“does not assess the effectiveness of the vaccine or whether the vaccine has worked in these individuals. The latter requires a careful examination of each case to explore possible reasons, which could be related to the test, virus or the person (e.g. pre-existing conditions).”

Studies of the effectiveness of the COVID-19 vaccines need to take into account further differences between the vaccinated and unvaccinated populations and the circumstances of these deaths. A simple comparison of the number of deaths doesn’t provide useful information for assessing the benefits of vaccination.


Older people are more at risk of dying

A similar claim was made on the Joe Rogan Experience podcast, where Alex Berenson, a former New York Times journalist who was recently banned from Twitter for spreading misinformation on COVID-19, claimed that “In the U.K., more than 70% of the people who die now from COVID are fully vaccinated”. These claims have since been repeated elsewhere.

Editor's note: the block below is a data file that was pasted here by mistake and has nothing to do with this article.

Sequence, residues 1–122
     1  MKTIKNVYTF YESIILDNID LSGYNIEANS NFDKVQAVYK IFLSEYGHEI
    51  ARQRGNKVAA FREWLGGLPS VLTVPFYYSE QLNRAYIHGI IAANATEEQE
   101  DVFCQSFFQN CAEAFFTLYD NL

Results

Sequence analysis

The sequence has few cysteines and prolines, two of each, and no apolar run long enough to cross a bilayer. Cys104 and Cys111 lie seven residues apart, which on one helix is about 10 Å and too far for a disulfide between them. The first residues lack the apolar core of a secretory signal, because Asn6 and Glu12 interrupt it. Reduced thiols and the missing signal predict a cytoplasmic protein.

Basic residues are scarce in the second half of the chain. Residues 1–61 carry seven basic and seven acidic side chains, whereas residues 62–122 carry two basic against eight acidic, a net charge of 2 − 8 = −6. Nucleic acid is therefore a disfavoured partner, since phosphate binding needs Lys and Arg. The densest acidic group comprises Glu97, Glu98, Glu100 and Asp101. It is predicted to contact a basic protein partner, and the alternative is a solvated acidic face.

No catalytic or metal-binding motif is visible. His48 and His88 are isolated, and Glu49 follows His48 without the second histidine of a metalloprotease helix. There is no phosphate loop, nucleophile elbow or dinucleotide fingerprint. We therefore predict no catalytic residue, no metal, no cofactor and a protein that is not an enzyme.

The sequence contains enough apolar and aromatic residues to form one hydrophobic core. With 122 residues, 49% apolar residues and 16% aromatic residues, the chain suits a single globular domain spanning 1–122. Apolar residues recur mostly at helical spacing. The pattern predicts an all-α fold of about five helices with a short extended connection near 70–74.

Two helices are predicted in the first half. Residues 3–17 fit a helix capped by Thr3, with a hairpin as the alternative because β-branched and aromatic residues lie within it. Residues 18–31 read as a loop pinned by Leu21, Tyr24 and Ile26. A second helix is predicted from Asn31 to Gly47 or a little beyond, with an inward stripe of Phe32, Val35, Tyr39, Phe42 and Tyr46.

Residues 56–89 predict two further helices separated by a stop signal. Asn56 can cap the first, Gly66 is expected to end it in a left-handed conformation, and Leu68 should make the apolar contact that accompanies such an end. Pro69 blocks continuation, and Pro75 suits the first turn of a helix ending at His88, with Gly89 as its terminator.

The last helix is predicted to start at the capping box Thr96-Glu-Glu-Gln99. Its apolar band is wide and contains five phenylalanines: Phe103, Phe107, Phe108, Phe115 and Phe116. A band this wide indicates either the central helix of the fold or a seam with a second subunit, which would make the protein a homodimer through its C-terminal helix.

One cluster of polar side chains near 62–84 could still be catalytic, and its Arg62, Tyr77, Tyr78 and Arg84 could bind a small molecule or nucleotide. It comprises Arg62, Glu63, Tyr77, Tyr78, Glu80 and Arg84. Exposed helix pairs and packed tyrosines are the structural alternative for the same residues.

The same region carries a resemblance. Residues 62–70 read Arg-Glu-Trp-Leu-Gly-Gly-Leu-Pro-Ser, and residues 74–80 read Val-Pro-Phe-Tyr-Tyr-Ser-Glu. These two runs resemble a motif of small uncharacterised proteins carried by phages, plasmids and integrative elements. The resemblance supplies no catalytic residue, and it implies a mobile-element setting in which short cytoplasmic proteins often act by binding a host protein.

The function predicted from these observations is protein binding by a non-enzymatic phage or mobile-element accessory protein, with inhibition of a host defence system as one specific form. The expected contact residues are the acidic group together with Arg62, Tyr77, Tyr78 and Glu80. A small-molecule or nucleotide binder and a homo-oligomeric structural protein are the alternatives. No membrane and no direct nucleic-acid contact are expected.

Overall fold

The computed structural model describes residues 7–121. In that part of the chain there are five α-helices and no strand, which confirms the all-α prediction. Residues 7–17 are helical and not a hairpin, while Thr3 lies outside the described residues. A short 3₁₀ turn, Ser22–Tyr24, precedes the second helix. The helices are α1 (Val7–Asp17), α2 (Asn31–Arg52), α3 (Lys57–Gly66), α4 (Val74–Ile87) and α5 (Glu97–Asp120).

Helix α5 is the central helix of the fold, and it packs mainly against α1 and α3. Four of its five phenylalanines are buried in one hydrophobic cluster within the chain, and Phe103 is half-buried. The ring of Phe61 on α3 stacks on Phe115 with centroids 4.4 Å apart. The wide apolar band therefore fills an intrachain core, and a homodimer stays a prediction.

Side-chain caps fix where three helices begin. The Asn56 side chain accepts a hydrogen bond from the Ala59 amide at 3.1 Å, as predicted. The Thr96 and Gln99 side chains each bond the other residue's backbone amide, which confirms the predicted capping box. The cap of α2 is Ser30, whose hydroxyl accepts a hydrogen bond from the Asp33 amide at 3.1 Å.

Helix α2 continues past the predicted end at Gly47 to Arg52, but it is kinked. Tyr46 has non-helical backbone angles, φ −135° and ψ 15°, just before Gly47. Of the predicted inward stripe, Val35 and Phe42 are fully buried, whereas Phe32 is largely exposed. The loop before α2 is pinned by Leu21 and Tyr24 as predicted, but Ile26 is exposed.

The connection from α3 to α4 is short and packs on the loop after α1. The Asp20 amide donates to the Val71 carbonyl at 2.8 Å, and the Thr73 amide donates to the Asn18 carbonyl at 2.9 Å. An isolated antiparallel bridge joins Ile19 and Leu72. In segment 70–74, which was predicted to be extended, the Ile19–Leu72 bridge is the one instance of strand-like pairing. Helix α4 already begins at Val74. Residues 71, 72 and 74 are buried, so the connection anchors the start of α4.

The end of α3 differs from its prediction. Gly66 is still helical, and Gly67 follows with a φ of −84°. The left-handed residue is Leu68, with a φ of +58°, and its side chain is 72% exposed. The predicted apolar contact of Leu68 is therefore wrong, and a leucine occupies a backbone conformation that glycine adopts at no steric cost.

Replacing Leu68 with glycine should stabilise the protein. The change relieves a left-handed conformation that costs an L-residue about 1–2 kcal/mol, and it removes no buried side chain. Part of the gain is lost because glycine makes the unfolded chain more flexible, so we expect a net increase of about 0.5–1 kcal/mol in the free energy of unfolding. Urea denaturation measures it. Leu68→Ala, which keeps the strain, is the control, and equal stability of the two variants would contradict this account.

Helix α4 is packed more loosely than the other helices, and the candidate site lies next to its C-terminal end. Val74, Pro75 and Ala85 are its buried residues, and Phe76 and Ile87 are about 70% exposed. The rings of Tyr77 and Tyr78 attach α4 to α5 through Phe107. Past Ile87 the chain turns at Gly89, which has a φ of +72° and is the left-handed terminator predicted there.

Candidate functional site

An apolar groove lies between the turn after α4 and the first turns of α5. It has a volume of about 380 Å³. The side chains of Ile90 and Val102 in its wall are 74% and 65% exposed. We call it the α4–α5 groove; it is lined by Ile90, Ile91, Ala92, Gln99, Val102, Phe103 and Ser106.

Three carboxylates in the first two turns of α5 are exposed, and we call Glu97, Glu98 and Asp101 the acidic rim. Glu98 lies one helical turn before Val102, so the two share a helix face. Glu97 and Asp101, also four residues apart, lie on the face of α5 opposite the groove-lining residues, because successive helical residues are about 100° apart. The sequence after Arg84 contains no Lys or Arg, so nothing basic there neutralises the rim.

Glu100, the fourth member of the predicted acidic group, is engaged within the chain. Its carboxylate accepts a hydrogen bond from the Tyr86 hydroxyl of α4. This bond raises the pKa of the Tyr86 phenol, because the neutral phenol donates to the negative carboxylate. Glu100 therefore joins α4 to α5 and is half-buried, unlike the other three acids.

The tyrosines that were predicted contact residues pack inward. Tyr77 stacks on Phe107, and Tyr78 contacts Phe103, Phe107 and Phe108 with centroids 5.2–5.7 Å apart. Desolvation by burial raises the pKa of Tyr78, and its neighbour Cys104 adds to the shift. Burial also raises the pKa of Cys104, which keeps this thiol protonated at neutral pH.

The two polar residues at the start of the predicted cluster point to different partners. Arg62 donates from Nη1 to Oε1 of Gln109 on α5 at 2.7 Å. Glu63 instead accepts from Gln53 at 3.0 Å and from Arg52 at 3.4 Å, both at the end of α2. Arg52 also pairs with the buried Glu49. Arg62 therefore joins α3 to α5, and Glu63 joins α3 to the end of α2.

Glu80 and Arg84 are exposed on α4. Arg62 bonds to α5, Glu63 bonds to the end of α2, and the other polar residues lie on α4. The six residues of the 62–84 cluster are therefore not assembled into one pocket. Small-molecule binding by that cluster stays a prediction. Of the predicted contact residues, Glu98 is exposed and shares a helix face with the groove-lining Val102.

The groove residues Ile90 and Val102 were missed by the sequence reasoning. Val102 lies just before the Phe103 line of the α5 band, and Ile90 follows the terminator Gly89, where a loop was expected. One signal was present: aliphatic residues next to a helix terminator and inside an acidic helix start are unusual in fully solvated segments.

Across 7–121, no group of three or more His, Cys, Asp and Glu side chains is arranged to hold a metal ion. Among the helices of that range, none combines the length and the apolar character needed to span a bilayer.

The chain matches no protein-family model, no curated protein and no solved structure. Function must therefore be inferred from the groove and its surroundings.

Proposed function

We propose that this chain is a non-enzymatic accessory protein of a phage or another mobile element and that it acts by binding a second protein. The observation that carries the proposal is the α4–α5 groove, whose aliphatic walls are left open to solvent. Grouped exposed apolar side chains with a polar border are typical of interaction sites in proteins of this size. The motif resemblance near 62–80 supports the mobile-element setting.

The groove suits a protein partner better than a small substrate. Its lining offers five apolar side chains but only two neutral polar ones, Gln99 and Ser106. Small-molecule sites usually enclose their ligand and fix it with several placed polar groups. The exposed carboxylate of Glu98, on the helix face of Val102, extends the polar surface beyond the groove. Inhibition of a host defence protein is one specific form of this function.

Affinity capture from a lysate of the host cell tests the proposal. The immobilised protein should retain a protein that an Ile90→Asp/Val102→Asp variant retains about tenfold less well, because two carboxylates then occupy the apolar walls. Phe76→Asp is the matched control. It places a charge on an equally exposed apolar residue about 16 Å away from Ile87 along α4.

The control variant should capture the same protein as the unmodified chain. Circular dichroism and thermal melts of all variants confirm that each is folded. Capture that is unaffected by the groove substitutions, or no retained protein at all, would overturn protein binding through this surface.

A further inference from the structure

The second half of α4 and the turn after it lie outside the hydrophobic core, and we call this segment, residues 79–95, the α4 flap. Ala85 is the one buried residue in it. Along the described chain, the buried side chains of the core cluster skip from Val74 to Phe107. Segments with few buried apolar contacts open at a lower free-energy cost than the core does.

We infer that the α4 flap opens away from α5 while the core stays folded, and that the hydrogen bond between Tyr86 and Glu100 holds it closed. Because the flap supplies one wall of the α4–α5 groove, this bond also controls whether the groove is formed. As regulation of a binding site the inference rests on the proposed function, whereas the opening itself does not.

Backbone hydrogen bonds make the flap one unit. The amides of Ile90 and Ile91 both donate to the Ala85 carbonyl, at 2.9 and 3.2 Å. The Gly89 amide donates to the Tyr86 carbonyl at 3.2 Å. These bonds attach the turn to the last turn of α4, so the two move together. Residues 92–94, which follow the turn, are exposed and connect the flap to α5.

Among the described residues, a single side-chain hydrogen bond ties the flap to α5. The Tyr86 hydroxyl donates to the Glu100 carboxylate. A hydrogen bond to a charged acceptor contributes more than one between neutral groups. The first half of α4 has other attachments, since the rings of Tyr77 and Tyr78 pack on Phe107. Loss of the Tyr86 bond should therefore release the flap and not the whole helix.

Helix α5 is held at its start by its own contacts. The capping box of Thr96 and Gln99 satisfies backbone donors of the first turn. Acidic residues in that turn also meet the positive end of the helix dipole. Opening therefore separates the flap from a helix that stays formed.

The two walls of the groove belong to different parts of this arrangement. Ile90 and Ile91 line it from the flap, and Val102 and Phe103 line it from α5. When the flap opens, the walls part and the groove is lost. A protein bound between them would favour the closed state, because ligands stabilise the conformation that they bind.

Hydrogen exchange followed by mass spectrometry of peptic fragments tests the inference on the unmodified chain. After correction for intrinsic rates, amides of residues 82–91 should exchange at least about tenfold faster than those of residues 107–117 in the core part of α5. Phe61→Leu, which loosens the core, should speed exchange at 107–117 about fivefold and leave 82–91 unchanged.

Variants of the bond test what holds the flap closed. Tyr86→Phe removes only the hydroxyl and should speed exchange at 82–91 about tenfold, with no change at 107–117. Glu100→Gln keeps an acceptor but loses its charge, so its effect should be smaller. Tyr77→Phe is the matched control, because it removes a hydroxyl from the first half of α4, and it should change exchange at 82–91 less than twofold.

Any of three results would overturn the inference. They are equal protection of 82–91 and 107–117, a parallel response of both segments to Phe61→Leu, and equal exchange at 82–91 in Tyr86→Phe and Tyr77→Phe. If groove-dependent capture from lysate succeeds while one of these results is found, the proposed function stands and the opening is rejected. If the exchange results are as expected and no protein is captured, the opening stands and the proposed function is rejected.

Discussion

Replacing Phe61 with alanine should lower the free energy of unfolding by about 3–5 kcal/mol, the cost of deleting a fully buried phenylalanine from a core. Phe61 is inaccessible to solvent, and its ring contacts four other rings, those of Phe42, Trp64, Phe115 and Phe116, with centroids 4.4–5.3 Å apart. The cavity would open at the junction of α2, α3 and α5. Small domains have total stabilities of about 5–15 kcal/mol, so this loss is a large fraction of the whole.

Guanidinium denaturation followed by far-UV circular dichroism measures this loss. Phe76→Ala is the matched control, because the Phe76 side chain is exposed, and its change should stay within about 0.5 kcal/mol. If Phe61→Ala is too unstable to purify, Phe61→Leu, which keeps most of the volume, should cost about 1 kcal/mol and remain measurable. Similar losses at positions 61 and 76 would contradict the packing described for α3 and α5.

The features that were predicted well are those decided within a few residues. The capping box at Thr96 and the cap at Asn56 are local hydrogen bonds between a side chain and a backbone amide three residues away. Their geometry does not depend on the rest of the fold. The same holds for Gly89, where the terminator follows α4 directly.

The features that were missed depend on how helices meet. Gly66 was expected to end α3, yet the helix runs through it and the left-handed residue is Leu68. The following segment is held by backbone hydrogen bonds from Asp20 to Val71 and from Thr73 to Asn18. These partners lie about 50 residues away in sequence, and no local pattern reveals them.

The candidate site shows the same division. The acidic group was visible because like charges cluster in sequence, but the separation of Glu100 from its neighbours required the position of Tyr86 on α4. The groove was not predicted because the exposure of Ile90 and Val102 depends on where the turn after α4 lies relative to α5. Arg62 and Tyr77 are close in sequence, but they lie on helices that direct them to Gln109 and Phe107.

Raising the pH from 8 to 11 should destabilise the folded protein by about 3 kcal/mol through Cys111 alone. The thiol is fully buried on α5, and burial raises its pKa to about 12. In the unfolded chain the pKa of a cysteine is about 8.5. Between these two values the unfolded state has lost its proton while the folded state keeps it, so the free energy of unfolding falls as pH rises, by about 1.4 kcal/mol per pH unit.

This was based on figures published by Public Health England (now the U.K. Health Security Agency) in a report on 23 September 2021, covering the period from 23 August to 19 September 2021. These deaths in England are based on a person having tested positive for COVID-19 within the previous 28 days.

As with the claims in The Exposé, while the figure is correct, it is missing the important context of the high vaccine coverage in the population. Again, rather than looking at the raw numbers, we would need to compare the likelihood of deaths in the two groups.